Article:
| Ahmed Riza|
1930, Istanbul, Turkey
Galatasaray High School
| The Moral Bankruptcy of Western Policy Towards the East|
Ahmed Riza Bey (Turkish: Ahmet Riza Bey; 1859 – 26 February 1930) was a prominent Young Turk, activist, scientist, and statesman during the Second Constitutional Era of the Ottoman Empire. He became in 1908 the first President of the revived Chamber of Deputies, the lower house of the Ottoman parliament, and in 1912, he was appointed as the President of the Senate (the upper house) as well. He also served as Minister of Education from the Liberal Union party, the main opposition party to the ruling Committee of Union and Progress. In 1908, his name was among the candidates' list for the next Grand Vizier. He was the leading negotiator during the failed agreement of coalition between the Ottoman Empire, France, and Britain for World War I.
Ahmed Riza has been described as a polymath by some authors. He was a critic of the deportations of the Empire's Armenians in 1915 during the Armenian Genocide.
Ahmed Riza Wikipedia
Ahmed Riza was born in Constantinople (modern Istanbul) in 1859. He graduated from Galatasaray High School in Constantinople and subsequently studied agriculture in France. As a young man, he sought to improve the condition of the peasantry in the Empire. He was concerned with the conditions of the farmers and wanted to implement agricultural methods, supporting the ideas of the French sociologist, Auguste Comte. Like many of his other contemporary European progressives, Ahmed Riza was opposed to colonialism, as well as class privilege. In 1894, he published a series of publications on unification of Islamic and Ottoman traditions of consultation. In 1895, Mesveret, the journal that he published, became a locus of the exiled Young Turks movement. Ahmed Riza opposed the maverick Prince Sabahaddin's calls for revolution and European intervention in the empire at the 1902 Congress of Ottoman Opposition in Paris. At the Second Congress of Ottoman Opposition in 1907, Ahmed Riza at first reluctantly endorsed the use of violence to depose the sultan, but later reversed his position.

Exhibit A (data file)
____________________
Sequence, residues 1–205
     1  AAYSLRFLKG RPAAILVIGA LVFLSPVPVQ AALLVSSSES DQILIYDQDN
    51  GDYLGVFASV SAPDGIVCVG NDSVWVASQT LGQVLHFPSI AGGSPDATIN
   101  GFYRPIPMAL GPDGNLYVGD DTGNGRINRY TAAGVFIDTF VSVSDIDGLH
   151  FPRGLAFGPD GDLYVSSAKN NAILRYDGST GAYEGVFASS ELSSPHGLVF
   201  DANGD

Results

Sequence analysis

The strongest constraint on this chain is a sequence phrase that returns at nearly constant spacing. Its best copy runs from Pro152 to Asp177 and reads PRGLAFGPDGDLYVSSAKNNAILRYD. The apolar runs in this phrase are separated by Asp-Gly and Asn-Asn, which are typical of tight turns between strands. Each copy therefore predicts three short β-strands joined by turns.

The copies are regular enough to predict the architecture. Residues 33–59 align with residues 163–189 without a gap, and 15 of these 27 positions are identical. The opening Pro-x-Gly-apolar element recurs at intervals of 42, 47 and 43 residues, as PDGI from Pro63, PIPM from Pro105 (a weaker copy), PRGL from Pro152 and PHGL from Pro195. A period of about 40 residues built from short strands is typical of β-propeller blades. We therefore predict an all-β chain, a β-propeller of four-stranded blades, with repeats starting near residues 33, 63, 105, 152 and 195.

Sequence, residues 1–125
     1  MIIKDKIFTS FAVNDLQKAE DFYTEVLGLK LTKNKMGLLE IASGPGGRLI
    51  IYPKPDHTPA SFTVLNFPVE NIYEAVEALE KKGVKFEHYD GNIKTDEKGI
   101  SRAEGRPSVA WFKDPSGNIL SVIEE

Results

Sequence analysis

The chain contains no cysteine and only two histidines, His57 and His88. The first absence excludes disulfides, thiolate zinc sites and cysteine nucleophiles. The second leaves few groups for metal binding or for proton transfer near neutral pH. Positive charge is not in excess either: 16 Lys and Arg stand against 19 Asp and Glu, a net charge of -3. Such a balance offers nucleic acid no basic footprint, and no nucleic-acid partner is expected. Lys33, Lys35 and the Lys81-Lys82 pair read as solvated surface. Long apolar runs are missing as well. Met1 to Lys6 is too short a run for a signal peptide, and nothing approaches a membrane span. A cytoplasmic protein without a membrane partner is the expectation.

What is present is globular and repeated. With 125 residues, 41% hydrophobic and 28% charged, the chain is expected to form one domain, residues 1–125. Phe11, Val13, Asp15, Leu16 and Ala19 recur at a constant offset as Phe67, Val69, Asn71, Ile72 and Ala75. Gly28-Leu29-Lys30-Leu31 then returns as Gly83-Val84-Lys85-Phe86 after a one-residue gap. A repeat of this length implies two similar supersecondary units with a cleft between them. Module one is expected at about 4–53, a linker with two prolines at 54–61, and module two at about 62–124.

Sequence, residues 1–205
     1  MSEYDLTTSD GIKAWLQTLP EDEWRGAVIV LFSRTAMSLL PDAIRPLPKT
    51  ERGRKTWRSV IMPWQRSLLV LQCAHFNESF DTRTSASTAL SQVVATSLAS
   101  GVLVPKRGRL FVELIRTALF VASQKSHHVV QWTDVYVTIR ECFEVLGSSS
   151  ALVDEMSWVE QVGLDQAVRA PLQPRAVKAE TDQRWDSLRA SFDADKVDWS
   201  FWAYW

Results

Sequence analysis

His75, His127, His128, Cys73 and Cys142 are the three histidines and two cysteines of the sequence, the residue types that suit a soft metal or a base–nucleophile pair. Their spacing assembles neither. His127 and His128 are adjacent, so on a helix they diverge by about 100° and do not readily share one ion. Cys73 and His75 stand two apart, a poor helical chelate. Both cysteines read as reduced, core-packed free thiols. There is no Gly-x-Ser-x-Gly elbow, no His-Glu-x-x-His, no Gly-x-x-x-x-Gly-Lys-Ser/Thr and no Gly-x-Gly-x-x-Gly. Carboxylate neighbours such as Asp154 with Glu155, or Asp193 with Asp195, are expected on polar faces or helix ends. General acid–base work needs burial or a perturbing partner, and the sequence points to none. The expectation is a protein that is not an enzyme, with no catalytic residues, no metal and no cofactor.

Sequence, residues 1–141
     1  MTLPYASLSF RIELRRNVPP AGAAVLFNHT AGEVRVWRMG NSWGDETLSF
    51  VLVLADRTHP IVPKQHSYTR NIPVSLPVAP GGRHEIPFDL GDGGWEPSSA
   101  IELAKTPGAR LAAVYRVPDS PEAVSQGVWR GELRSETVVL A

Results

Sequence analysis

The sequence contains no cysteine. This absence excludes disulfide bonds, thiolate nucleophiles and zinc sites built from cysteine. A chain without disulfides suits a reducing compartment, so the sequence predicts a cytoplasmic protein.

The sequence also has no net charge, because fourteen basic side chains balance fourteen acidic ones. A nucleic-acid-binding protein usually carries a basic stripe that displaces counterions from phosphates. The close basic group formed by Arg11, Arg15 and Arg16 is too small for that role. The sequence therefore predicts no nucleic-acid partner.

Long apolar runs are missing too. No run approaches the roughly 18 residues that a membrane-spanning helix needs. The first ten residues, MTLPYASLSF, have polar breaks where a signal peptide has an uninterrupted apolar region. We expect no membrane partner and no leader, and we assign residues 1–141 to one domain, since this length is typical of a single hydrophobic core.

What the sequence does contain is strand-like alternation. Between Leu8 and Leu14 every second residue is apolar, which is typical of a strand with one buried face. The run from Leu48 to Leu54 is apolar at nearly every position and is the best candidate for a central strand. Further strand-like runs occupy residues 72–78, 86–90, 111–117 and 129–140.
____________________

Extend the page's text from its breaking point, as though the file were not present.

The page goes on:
As an educator, he enacted the inauguration of the second high school for girls in Turkey, the Kandili School for Girls in 1916 in Constantinople (it was intended to be the first, but World War I delayed the execution of the project).
Ahmed Riza also protested the legislation regarding the forced abandonment of Armenian goods by calling it illegal and immoral during the Armenian deportations of 1915.
After retiring from public life at the end of World War I, Ahmed Riza wrote his memoirs. They were published more than 50 years after his death in 1988 under the title Meclis-i Mebusan ve Ayan Reisi Ahmet Riza Bey’in Anilari ("The Memoirs of Ahmed Riza, the President of the Chamber of Deputies and the Senate"). He died on 26 February 1930 in Istanbul.